Even within any one country, there are all sorts of “dialects”–usually stemming from one influential teacher and his “family tree” of students and their own students, etc. A  product of the “Philadelphia School” of oboe playing, my playing would probably not compare favorably–all other things being equal–to a protégé of John Mack (Cleveland) or Ray Still (Chicago) in the eyes of a judge who had been schooled in one of those styles. While there is certainly “cross-pollination”, distinctions between styles and the approaches and preferences of proponents of each style do exist.

Up to now, I have merely mentioned musical “prejudices”. In fact, far more personal assumptions can be made, based upon a candidate’s appearance, age, sex, and whether or not the candidate is known to someone on the Committee, either as a friend or student. I have attended auditions where a screen separated the Committee from the contestant—and I even saw installed a carpet runner so that the sound of the approaching candidate’s footwear would not reveal his/her gender. But even those orchestras who do conduct auditions behind a screen in an effort to force judges to rule only on what they hear do not keep the screen in place for the Final Round. In the Final Round, if not before, those auditioning for orchestras in America are visible and known to the members of the Committee.

The only American orchestra which does not conduct auditions in this way is the MET Orchestra. Auditions for our orchestra are conducted from start to finish in anonymity, the candidate being referred to as a number and his or her identity revealed only after a vote has been taken and a decision has been reached. I cannot help but think the large number of fine female musicians, as well as the number of very fine youthful musicians just out of music school, that can be found in our orchestra is a direct result of our audition procedures.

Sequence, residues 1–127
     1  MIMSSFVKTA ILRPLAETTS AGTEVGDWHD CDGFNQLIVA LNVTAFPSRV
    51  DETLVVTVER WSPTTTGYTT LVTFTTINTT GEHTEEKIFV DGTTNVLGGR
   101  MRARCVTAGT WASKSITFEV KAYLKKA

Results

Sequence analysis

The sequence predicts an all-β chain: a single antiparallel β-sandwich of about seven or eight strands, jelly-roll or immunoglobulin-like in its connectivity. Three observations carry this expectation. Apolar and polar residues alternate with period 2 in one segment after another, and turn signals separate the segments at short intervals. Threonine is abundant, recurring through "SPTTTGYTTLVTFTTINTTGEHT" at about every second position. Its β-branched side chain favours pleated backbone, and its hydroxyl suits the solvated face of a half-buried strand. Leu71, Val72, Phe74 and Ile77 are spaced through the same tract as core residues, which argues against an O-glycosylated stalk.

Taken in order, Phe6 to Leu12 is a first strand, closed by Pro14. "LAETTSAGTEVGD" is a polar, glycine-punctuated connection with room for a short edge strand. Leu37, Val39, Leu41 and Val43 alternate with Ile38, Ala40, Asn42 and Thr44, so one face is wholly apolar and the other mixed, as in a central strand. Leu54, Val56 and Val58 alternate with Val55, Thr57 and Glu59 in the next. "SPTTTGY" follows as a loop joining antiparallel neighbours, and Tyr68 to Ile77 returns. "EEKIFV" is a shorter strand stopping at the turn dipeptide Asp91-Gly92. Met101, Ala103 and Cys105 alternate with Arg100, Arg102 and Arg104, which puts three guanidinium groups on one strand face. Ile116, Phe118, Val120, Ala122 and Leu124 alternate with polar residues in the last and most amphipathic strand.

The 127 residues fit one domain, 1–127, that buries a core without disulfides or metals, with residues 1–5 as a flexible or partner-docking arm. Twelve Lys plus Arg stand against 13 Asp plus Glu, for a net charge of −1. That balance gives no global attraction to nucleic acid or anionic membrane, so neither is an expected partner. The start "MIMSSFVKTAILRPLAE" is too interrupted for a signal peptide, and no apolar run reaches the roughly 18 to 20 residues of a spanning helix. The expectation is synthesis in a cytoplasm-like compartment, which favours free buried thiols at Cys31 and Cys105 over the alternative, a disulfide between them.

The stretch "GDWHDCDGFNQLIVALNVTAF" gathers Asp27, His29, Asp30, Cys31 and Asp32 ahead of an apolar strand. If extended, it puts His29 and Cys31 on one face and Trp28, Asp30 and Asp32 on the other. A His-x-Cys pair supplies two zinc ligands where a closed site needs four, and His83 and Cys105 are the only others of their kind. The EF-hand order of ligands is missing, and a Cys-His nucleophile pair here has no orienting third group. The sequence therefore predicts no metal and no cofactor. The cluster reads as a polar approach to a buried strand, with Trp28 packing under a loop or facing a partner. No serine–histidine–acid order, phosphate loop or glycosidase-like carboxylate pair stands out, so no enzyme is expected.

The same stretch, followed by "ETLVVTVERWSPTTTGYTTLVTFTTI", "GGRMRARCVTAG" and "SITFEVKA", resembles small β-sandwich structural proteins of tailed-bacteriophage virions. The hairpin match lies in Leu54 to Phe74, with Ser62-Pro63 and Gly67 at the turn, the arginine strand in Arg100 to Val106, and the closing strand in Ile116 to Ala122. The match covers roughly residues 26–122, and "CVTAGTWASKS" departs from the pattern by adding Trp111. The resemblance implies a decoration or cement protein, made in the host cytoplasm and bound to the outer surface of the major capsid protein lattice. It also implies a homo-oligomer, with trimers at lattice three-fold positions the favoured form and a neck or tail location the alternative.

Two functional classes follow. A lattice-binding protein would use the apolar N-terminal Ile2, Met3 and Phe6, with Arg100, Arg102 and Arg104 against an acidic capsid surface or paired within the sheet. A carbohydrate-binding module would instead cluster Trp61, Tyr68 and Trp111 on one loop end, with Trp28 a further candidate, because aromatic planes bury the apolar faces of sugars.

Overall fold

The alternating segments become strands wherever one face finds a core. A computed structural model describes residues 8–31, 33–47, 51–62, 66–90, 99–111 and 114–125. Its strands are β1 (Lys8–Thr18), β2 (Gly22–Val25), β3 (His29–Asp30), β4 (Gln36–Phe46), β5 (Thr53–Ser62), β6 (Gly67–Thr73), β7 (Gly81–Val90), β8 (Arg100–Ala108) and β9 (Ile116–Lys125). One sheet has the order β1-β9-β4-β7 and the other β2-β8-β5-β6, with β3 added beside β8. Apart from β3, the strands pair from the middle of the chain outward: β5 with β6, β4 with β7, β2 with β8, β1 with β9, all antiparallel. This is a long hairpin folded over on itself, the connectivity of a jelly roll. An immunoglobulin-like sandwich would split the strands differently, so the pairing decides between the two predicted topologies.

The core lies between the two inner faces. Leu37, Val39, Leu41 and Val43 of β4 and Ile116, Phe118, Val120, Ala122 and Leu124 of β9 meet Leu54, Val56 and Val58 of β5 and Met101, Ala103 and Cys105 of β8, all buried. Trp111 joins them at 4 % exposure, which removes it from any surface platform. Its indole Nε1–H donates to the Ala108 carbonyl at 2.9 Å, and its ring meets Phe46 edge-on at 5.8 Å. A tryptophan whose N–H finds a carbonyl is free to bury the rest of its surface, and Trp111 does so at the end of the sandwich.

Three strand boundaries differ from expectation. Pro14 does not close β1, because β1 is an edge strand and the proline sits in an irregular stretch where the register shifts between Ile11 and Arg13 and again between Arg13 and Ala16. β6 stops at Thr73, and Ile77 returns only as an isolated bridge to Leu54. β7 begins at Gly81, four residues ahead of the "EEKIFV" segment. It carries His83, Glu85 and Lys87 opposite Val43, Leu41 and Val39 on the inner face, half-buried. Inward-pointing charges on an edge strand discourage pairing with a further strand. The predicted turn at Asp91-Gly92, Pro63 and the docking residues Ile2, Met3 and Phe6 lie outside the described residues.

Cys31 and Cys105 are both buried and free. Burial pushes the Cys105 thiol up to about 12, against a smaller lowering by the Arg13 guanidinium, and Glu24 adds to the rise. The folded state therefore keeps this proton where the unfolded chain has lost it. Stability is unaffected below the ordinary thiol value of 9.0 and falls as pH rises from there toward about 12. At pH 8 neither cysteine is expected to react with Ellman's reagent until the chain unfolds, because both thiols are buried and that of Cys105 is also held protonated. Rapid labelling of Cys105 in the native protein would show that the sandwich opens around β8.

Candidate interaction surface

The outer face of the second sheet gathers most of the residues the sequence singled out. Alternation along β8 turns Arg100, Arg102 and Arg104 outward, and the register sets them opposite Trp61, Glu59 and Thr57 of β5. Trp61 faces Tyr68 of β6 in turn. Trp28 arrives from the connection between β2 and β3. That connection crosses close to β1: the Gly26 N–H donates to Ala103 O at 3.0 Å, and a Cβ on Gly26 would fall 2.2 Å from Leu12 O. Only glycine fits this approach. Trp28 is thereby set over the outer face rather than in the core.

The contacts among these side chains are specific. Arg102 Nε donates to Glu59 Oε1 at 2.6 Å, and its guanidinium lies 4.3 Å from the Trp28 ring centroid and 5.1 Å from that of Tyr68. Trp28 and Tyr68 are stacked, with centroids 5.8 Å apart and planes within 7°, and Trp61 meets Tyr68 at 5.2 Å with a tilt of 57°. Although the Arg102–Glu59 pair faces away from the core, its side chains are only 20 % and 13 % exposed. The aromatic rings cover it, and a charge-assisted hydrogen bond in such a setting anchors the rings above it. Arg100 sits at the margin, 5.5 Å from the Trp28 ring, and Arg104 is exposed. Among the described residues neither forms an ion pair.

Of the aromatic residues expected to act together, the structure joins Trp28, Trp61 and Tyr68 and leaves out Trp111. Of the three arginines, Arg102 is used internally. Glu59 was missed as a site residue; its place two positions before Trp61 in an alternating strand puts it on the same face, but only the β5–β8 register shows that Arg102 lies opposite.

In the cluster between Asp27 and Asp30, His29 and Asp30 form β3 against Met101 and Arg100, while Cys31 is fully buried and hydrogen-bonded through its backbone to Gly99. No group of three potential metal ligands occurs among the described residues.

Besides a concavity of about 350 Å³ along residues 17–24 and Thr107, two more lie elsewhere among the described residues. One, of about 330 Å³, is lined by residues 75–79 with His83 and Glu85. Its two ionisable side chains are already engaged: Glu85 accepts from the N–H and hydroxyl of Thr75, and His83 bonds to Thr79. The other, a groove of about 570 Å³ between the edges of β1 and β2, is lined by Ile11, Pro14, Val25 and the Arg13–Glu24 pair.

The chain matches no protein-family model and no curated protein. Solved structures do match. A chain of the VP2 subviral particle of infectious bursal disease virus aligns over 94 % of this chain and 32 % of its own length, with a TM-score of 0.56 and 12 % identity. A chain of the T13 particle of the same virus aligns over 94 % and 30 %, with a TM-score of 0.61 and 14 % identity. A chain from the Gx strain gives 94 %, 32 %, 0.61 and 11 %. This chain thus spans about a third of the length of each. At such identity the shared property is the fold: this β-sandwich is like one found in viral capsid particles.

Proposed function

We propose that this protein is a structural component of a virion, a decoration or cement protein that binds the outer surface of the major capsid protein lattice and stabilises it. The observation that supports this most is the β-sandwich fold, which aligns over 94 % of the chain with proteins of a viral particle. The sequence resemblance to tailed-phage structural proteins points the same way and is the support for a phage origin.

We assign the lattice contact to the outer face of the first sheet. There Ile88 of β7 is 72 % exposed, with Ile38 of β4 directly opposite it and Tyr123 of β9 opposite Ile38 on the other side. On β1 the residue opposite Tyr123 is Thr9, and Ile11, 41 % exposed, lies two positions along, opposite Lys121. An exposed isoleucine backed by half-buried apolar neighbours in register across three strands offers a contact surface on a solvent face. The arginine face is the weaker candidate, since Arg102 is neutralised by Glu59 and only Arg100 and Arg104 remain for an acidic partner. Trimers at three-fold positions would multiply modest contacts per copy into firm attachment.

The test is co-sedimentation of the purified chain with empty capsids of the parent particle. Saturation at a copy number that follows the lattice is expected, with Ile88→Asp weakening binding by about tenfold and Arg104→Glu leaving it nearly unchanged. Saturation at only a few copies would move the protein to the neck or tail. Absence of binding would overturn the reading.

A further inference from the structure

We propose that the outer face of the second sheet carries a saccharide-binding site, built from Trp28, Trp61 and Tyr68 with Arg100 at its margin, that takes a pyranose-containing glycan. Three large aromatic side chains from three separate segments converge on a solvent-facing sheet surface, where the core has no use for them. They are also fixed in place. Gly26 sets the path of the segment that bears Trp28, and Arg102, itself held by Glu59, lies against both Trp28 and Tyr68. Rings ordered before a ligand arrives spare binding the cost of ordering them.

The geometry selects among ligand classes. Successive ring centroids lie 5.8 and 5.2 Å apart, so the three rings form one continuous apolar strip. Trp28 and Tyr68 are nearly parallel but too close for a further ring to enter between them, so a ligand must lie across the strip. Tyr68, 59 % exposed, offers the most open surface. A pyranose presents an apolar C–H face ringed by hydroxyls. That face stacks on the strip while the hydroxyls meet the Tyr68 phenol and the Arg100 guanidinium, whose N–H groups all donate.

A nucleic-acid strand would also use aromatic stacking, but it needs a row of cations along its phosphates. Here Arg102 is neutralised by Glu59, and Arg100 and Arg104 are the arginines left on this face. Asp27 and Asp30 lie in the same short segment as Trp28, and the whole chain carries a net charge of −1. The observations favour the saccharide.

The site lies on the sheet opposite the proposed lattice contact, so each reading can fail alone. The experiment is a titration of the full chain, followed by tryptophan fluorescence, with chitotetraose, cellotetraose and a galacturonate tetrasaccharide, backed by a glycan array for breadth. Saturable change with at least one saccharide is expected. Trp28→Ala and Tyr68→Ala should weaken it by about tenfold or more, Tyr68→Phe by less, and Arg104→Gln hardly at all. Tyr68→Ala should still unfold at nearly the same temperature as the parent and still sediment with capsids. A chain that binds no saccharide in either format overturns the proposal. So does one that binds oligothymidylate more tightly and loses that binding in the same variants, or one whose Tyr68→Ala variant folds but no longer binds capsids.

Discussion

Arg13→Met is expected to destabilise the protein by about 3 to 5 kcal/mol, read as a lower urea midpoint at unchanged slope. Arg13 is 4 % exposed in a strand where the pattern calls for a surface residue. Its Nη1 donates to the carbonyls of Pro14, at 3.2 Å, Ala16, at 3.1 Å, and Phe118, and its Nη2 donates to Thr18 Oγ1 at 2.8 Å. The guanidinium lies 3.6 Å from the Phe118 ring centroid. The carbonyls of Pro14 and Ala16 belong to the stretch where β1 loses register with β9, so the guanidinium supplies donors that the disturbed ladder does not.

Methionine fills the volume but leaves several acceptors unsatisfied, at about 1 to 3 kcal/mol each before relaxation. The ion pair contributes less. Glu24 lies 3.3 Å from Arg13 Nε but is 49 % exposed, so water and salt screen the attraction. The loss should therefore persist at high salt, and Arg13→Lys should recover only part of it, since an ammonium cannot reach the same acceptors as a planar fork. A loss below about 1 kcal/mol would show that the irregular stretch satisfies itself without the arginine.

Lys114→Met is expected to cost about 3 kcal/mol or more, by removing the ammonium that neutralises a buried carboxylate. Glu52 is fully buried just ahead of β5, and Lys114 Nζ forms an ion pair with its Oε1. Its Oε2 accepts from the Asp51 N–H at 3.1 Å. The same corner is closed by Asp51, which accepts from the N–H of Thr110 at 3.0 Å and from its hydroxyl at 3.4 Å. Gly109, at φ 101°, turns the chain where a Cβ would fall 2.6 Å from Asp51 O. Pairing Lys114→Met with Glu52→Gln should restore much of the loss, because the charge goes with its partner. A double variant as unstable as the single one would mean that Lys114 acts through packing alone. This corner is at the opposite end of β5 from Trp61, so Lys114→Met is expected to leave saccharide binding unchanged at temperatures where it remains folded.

I was personally able to recognize early on that I could play a flawless and aesthetically perfect audition—as defined by myself and perhaps by my teacher –and not be the winner. I reconciled myself to this and decided that I did not wish to live with that kind of bitterness and anger after every audition I took. I decided that the only way I could continue to subject myself to these trials would be on the condition that I would only be angry if I had screwed up at my audition. THAT, I rationalized, I had control over.

Whatever “baggage” or personal history each judge brought to the room that day, and therefore the result itself, I had absolutely no control over whatsoever.

So, perhaps the majority of musicians, highly competent as they are, that leave auditions without an orchestra job become bitter because of the arbitrary nature of the audition process. That is one theory.

audition screen


However, this theory does not necessarily explain the circumstance of those musicians who WERE the “winners” and are within the ranks of those high level orchestras and yet feeling bitter and worthy of something “more”.